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History of etiquette

This is a small presentation that explains where does ettiquete comes from

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History of etiquette

  1. 1. Etiquette History
  2. 2. In the 3rd millennium BC, Ptahhotep wrote The Maxims of Ptahhotep. The Maxims were conformist precepts extolling such civil virtues as truthfulness, self-control and kindness towards one's fellow beings. Learning by listening to everybody and knowing that human knowledge is never perfect are a leitmotif. Avoiding open conflict wherever possible should not be considered weakness. Stress is placed on the pursuit of justice, although it is conceded that it is a god's command that prevails in the end. Some of the maxims refer to one's behaviour when in the presence of the great, how to choose the right master and how to serve him. Others teach the correct way to lead through openness and kindness. Greed is the base of all evil and should be guarded against, while generosity towards family and friends is deemed praiseworthy.
  3. 3. Confucius (551–479 BC) was a Chinese teacher, editor, politician, and philosopher whose philosophy emphasized personal and governmental morality, correctness of social relationships, justice and sincerity. Louis XIV (1638-1718) "transformed a royal hunting lodge in Versailles, a village 25 miles southwest of the capital, into one of the largest palaces in the world, officially moving his court and government there in 1682. It was against this awe-inspiring backdrop that Louis tamed the nobility and impressed foreign dignitaries, using entertainment, ceremony and a highly codified system of etiquette to assert his supremacy
  4. 4. Politeness Members of a Gentlemen's club had to conform to a socially acceptable standard of politeness. The painting, A Club of Gentlemen by Joseph Highmore c. 1730. During the Enlightenment era, a self-conscious process of the imposition of polite norms and behaviors became a symbol of being a genteel member of the upper class. Upwardly mobile middle class bourgeoisie increasingly tried to identify themselves with the elite through their adopted artistic preferences and their standards of behavior. They became preoccupied with precise rules of etiquette, such as when to show emotion, the art of elegant dress and graceful conversation and how to act courteously, especially with women.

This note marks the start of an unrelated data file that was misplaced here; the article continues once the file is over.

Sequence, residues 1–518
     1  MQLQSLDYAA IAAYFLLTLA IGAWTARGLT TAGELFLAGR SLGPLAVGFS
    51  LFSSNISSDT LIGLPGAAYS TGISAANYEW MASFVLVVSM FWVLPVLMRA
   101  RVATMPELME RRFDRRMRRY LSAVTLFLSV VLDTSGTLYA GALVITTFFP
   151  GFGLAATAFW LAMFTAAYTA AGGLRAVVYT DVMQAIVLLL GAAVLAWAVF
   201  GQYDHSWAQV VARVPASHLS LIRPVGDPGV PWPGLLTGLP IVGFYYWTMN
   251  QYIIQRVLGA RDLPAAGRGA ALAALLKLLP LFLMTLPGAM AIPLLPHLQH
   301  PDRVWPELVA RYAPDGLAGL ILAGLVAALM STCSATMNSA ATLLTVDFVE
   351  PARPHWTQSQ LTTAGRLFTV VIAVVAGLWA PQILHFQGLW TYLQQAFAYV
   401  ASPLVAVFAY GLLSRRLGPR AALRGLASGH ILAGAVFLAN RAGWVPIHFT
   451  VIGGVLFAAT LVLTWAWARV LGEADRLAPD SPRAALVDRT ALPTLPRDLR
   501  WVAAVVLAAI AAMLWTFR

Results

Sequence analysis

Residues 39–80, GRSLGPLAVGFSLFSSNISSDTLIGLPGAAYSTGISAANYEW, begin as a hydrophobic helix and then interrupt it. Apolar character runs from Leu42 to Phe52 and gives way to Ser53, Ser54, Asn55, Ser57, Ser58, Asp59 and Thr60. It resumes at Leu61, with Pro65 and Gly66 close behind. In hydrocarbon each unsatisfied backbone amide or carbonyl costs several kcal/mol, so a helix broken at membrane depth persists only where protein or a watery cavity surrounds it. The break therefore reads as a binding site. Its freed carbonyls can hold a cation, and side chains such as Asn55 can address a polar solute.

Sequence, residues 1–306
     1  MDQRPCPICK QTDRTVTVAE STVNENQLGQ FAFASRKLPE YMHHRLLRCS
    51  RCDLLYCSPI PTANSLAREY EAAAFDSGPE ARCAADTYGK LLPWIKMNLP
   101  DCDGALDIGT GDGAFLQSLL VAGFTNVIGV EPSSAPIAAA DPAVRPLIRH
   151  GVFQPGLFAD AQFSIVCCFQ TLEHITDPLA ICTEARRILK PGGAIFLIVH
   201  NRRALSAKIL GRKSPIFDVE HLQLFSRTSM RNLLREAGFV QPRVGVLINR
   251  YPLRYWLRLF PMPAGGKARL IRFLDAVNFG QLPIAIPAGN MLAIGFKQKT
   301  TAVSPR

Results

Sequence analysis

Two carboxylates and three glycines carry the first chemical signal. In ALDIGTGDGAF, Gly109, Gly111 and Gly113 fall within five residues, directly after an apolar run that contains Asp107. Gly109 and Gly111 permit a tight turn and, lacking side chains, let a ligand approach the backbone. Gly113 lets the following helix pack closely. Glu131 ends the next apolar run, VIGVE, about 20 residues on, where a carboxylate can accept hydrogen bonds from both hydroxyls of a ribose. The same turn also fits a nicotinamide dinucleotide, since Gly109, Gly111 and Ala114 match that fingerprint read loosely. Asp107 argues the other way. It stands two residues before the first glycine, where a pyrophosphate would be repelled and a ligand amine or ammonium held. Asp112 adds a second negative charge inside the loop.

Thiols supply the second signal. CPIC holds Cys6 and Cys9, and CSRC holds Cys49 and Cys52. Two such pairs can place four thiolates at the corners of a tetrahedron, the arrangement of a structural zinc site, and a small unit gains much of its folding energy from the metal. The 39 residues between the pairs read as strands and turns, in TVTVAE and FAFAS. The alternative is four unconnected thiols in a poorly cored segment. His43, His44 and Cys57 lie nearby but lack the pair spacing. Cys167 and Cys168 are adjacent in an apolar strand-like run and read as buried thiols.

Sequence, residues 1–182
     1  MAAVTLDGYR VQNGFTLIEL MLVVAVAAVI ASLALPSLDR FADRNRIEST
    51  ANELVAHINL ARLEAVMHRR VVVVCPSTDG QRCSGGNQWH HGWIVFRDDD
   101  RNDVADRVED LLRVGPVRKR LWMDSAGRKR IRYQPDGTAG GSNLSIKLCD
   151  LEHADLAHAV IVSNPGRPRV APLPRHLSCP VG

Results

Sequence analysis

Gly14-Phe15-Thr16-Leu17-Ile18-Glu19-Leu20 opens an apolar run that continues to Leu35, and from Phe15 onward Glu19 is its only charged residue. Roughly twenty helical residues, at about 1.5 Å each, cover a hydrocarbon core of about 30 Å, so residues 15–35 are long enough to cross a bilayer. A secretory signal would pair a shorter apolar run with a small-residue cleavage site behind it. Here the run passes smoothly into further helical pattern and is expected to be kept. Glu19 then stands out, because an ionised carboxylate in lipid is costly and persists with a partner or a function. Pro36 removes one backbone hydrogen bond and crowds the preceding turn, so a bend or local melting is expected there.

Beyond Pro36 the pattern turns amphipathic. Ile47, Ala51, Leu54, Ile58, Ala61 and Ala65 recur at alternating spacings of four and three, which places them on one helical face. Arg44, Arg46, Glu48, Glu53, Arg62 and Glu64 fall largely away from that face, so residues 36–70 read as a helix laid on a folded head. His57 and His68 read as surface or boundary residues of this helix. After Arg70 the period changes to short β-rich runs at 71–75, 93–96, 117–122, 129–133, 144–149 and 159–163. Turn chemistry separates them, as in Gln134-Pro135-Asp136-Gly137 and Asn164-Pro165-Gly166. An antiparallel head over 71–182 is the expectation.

5. 5. The Age of Enlightenment (or simply the Enlightenment, or Age of Reason) is an era from the 1650s to the 1780s in which cultural and intellectual forces in Western Europe emphasized reason, analysis, and individualism rather than traditional lines of authority. It was promoted by philosophes and local thinkers in urban coffee houses, salons, and Masonic lodges. It challenged the authority of institutions that were deeply rooted in society, especially the Catholic Church; there was much talk of ways to reform society with toleration, science and skepticism. Debating saloon Coffee houses Salon
  6. 6. Manners In High-Change in Bond Street,—ou—la Politesse du Grande Monde (1796), James Gillray caricatured the lack of etiquette in a group of men leering at women and crowding them off a pavement. Manners is a term usually preceded by the word good or bad to indicate whether or not a behavior is socially acceptable. Every culture adheres to a different set of manners, although a lot of manners are cross culturally‐ common. Manners are a subset of social norms which are informally enforced through self-regulation and social policing and publically performed. They enable human ‘ultrasociality’ by imposing self-restraint and compromise on regular, everyday actions
  7. 7. PRESPECTIVES
  8. 8. TYPES
  9. 9. TYPES

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